________________ CM . . . . Volume XIX Number 11 . . . . November 16, 2012


Disconnect. (Orca Currents).

Lois Peterson.
Victoria, BC: Orca, 2012.
125 pp., pbk., hc., pdf & epub, $9.95 (pbk.), $16.95 (hc.).
ISBN 978-1-4598-0143-1 (pbk.), ISBN 978-1-4598-0144-8 (hc.), ISBN 978-1-4598-0145-5 (pdf), ISBN 978-1-4598-0146-2 (epub).

Grades 7-9 / Ages 12-14.

Review by Kate Hachborn.


Reviewed from Advance Review Copy.



I didn’t notice the old lady until she barged into me. I grabbed her shopping cart to regain my balance. “Sorry.”

“It’s my fault.” Two harsh dark lines were drawn above the woman’s eyes where her eyebrows should have been. “My daughter said I wasn’t ready,” she said. “But a short walk around the mall, I told her. How could that hurt?” One of her legs was encased in a blue air cast.

“Are you okay?” I asked.

“No blood spilled.” The woman smiled. “Not bad news I hope.”

“Pardon me?”

“You were so intent on your phone.” The woman eased herself down onto the bench.

Daria has recently moved away from her friends and is trying her hardest to stay in the loop using any means possible. Her cell phone is never in her pocket, and Daria is completely tuned to any new texts, Facebook messages or voice mails that come her way. When another new girl tries to befriend Daria, she is unable and unwilling to disconnect from her old life to make way for a new one. When Daria’s actions lead to a serious accident, will the choice to disconnect still be hers to make?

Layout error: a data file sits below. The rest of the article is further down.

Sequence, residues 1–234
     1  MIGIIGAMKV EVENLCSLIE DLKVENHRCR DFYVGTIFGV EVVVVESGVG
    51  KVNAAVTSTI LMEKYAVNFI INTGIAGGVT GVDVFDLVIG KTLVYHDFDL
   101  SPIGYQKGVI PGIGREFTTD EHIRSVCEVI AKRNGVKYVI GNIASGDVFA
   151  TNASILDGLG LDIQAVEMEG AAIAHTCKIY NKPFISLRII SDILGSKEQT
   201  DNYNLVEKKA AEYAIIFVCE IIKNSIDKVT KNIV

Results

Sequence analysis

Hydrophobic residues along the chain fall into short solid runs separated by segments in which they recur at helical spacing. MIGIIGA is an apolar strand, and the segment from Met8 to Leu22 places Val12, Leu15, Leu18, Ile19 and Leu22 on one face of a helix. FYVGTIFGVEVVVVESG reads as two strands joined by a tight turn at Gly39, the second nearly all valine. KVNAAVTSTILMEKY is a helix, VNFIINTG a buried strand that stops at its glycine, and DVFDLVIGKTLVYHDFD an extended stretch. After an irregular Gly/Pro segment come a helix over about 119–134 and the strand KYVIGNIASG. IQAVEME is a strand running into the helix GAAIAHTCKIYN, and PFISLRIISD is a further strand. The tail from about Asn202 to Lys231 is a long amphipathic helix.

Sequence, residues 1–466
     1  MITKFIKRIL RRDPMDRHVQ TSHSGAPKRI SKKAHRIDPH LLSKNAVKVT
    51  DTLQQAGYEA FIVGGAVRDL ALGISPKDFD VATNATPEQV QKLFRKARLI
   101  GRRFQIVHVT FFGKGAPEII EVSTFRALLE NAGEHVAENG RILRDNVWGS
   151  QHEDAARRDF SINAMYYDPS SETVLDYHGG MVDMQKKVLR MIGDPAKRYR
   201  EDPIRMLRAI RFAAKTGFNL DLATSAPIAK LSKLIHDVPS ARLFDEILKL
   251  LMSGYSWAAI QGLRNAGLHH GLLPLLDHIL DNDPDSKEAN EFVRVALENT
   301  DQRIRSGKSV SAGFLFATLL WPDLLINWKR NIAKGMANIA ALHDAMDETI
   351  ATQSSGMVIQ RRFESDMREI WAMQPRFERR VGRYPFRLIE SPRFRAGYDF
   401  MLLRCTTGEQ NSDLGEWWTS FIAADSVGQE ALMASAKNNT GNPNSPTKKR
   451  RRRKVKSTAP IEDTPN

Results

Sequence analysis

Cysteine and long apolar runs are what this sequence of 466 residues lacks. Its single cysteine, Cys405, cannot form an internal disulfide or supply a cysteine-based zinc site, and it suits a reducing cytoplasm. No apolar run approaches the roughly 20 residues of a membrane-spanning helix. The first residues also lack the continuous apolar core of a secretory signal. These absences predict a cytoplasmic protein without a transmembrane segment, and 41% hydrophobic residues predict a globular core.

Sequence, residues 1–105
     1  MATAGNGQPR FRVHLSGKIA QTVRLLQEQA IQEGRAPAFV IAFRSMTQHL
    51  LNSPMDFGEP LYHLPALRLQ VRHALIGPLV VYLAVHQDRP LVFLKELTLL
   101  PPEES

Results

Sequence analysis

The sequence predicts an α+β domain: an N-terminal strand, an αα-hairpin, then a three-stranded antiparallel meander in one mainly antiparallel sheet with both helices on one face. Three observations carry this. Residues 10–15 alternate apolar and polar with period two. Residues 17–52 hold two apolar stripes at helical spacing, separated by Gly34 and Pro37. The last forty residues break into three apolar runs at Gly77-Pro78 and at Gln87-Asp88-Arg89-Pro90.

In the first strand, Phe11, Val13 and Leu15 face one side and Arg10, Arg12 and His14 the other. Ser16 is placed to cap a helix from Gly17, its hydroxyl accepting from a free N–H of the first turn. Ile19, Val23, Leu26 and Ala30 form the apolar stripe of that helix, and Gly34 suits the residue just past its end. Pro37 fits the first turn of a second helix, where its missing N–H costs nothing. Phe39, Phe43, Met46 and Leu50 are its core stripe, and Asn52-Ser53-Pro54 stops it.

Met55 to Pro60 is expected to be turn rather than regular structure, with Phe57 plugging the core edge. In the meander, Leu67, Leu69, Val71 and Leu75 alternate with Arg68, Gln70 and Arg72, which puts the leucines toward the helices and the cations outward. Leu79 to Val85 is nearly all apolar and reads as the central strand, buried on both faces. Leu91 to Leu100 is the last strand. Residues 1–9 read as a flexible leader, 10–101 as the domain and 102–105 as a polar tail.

Part of the “Orca Currents” series, this high interest, low vocabulary book is written for a generation that is used to being “plugged in.” Peterson easily incorporates text messages in her dialogue using bold type and acronyms with which most readers will be familiar. The plot flows in a linear progression, and, despite her best efforts, Daria begins to be involved in her new hometown and engaged by a new friend. Daria is moody and indecisive but is not malicious in her actions. Peterson speaks to the selfishness that can come with constantly being connected through technology instead of face-to-face. Daria is legitimately sorry for the accident she is responsible for creating, but it takes her a while to acknowledge the seriousness of the situation and her role in it. Didactic without being preachy, Peterson will connect with her audience without losing them for judging one of the central means her audience uses to communicate.

      Disconnect is an appropriate title for this book, suggesting both the need for Daria to unplug her technology and the disconnect between her idea of technology as a necessity and the need to forge real relationships rather than superficial, electronic ones.


Kate Hachborn is a library technician at the W. Ross Macdonald School in Brantford, ON.

To comment on this title or this review, send mail to cm@umanitoba.ca.

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